The SkyWest United agreement ends on December 31, 2015. United has the option of extending the agreement for an additional five years. However, the agreement is subject to early termination if SkyWest or United fails to fulfill certain obligations agreed to under the code sharing agreement. The agreement will be terminated if SkyWest operations fall below certain performance levels for a period of three consecutive months. The agreement will also be cancelled if either airline files for bankruptcy or for reorganization. The agreement is also subject to early termination if SkyWest operates any aircraft that is supposed to be operated exclusively for United flights for any other purpose.
On February 25, 2011, SkyWest Airlines entered an agreement with Alaska Airlines. The SkyWest Alaska Airlines agreement means that SkyWest operates and maintains its aircraft, while Alaska Airlines is responsible for scheduling, pricing and marketing the flights. SkyWest Airlines currently flies to 10 destinations in the United States for Alaska Airlines. Those cities include Seattle to Omaha, Colorado Springs, Long Beach, Santa Barbara Steamboat Springs/Hayden, and Fresno, Boise to San Diego, plus Portland to Burbank, Ontario, Santa Barbara and Long Beach. Skywest will begin flying Salt Lake City to Portland, Seattle, and San Diego in mid-2014. As of 2014, SkyWest operates eight Bombardier CRJ-700s on these routes. Alaska Airlines passengers flying on SkyWest flights will also qualify for Alaska Airlines’ frequent flier program.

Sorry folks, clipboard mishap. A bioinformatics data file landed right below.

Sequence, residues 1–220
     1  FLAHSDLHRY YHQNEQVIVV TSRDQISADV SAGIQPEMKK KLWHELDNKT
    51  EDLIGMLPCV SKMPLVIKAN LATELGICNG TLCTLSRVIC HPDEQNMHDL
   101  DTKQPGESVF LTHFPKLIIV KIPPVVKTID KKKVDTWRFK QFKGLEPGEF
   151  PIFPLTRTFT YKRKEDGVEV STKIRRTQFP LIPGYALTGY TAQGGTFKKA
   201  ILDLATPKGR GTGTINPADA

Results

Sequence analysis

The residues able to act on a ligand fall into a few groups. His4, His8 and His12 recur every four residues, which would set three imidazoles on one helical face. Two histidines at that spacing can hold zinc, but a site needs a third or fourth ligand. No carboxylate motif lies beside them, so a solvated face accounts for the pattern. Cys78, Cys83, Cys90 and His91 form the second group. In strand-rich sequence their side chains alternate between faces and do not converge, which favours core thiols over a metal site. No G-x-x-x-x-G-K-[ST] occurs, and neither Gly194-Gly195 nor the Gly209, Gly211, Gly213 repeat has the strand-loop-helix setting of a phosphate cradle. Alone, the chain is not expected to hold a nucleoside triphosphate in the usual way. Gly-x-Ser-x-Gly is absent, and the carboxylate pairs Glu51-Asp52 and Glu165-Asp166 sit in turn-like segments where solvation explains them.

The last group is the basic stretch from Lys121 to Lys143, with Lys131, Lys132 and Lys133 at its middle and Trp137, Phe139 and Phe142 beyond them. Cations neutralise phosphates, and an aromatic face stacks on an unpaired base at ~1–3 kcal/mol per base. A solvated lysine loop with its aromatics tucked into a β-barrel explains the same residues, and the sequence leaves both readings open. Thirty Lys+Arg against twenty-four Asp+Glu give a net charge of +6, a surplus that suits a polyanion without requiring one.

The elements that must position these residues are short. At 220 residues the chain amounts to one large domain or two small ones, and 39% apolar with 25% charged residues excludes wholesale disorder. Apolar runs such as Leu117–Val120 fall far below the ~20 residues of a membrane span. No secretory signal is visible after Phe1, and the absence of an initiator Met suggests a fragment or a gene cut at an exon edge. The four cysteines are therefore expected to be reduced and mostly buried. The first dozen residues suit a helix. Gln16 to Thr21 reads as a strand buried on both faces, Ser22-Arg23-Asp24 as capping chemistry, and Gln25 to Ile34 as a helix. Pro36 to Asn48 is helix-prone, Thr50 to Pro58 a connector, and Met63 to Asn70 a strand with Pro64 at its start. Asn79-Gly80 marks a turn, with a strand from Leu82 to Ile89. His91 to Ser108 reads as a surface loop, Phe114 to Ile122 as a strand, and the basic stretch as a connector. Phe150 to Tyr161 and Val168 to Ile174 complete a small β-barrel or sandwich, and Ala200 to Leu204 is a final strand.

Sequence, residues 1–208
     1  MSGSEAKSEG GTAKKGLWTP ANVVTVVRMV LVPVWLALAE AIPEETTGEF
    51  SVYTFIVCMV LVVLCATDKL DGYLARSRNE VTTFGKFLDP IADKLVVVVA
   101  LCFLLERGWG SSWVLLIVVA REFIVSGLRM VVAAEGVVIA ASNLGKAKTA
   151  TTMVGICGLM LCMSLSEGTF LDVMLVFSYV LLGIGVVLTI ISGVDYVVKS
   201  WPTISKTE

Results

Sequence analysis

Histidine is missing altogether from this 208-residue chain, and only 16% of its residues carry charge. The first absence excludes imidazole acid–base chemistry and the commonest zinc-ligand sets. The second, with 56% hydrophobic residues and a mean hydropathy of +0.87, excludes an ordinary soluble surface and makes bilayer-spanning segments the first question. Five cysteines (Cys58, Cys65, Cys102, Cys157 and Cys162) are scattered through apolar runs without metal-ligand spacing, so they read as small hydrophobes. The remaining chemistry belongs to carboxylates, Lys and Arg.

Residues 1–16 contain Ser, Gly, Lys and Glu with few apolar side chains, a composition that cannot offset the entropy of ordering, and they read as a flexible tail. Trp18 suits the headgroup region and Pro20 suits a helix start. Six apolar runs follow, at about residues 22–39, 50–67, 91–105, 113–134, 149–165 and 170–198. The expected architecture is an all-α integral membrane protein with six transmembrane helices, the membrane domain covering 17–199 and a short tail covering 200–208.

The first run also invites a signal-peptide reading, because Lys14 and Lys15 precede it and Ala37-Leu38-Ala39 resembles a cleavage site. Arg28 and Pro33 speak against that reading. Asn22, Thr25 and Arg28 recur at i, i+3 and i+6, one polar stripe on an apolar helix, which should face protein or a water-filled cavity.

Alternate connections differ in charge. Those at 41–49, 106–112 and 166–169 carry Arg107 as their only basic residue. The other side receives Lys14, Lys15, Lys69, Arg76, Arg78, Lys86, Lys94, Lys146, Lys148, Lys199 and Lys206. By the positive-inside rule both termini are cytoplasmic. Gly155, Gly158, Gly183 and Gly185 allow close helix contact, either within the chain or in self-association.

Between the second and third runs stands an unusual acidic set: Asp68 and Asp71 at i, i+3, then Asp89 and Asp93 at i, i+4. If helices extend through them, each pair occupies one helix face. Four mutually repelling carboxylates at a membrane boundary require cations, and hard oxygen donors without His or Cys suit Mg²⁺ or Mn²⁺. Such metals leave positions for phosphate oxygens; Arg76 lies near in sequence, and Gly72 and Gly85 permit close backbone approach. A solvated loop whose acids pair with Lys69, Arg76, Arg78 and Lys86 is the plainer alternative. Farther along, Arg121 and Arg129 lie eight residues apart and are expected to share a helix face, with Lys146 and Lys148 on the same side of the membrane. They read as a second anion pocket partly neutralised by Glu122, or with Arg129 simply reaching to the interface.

On September 12, 2012, SkyWest Airlines and American Airlines entered agreement. The agreement is a four-year agreement that allows SkyWest to handle some of its regional flying as a way to save money while American is in bankruptcy protection. SkyWest will fly 23 Bombardier CRJ200s under the American Eagle designation.